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ARS Home » Plains Area » Houston, Texas » Children's Nutrition Research Center » Research » Publications at this Location » Publication #395897

Research Project: Microbiota and Nutritional Health

Location: Children's Nutrition Research Center

Title: Effect of domperidone therapy on gastroparesis symptoms results of a dynamic cohort study by NIDDK Gastroparesis Consortium

item SAROSIEK, IRENE - Texas Tech University Health Science Center
item VAN NATTA, MARK - Johns Hopkins University
item PARKMAN, HENRY - Temple University
item ABELL, THOMAS - University Of Louisville
item KOCH, KENNETH - Wake Forest University
item KUO, BRADEN - Massachusetts General Hospital
item SHULMAN, ROBERT - Children'S Nutrition Research Center (CNRC)
item FARRUGIA, GIANRICO - Mayo Clinic College Of Medicine
item GROVER, MADHUSUDAN - Mayo Clinic
item HAMILTON, FRANK - National Institute Of Diabetes And Digestive And Kidney Diseases
item PASRICHA, PANKAJ - Johns Hopkins University
item YATES, KATHERINE - Johns Hopkins University
item MIRIEL, LAURA - Johns Hopkins University
item WILSON, LAURA - Johns Hopkins University
item YAMADA, GORO - Johns Hopkins University
item TONASCIA, JAMES - Johns Hopkins University
item MCCALLUM, RICHARD - Texas Tech University Health Science Center

Submitted to: Clinical Gastroenterology and Hepatology
Publication Type: Peer Reviewed Journal
Publication Acceptance Date: 3/1/2021
Publication Date: 6/1/2021
Citation: Sarosiek, I., Van Natta, M., Parkman, H.P., Abell, T., Koch, K.L., Kuo, B., Shulman, R.J., Farrugia, G., Grover, M., Hamilton, F.A., Pasricha, P.J., Yates, K.P., Miriel, L., Wilson, L., Yamada, G., Tonascia, J., Mccallum, R.W. 2021. Effect of domperidone therapy on gastroparesis symptoms results of a dynamic cohort study by NIDDK Gastroparesis Consortium. Clinical Gastroenterology and Hepatology. 20:e452-e464.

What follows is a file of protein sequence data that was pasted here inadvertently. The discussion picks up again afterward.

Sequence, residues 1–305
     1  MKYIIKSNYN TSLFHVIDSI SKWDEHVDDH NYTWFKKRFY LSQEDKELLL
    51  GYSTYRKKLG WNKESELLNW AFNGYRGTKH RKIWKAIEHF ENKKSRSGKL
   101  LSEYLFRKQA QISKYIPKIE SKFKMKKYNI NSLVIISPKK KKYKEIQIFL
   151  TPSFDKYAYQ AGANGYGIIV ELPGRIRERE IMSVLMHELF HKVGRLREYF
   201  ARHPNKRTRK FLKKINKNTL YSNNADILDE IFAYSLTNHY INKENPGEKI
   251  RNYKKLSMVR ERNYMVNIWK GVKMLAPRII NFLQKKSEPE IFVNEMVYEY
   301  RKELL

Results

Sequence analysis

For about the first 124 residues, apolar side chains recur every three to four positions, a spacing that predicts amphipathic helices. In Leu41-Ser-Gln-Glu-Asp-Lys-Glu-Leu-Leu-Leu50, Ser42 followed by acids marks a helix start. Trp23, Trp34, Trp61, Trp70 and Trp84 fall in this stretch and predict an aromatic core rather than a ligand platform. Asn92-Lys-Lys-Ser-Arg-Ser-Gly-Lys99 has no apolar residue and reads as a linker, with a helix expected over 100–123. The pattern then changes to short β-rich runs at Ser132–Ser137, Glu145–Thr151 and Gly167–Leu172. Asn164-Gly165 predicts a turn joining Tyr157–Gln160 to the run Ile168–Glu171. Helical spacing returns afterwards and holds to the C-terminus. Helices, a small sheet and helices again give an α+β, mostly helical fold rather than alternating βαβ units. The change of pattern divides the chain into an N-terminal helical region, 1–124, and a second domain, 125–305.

Interpretive Summary: People who have very slow stomach emptying often suffer from nutritional deficiencies because they have problems eating enough. This study tested whether a medicine called domperidone can improve their symptoms. Although the effect was not large, the medication did improve symptoms related to slow stomach emptying. A larger study should be conducted that also incorporates individuals genetic polymorphisms and nutritional diet composition.

Technical Abstract: The use of domperidone (DOM) for gastroparesis (GP) remains controversial and limited. We aimed to present outcomes of DOM therapy for treatment of patients participating in the multicenter National Institute of Diabetes and Digestive and Kidney Diseases Gastroparesis Clinical Research Consortium (GpCRC) Registries (GpR). The GpCRC cohort consisted of patients with GP (75%) and with GP-like symptoms but with normal gastric emptying (25%). The DOM group initiated therapy during the 96 weeks of enrollment in GpR1 and GpR2. Patients who had previously taken or who were on DOM therapy at enrollment were excluded from this analysis. The control group did not use domperidone (non-DOM group) before or after enrollment. The following outcome measures were identified:change from baseline in Gastroparesis Cardinal Symptom Index total score, with 3 subscales, plus Gastroesophageal Reflux Disease and Patient Assessment of Upper Gastrointestinal Disorders–Quality of Life scores. Overall, of 748 patients, 181 (24%) were in the DOM group, whereas 567 were in the non-DOM group. Sixty-three percent of participants had idiopathic GP. At baseline, DOM patients compared with non-DOM patients were significantly younger, had lower body mass index, non-Hispanic ethnicity, a higher annual household income, lower narcotic utilization, lower supplemental and complimentary medication use, and were more likely to have delayed gastric emptying time, as well as worse nausea and fullness scores. Compared with non-DOM patients, DOM patients experienced moderate but significantly more improvement in GP outcome measures: Gastroparesis Cardinal Symptom Index total score (P=.003), nausea (P=.003), and fullness subscales (P=.005), upper abdominal pain score (P=.04), Gastroesophageal Reflux Disease score (P=.05), and Patient Assessment of Upper Gastrointestinal Disorders Quality of Life score (P=.05).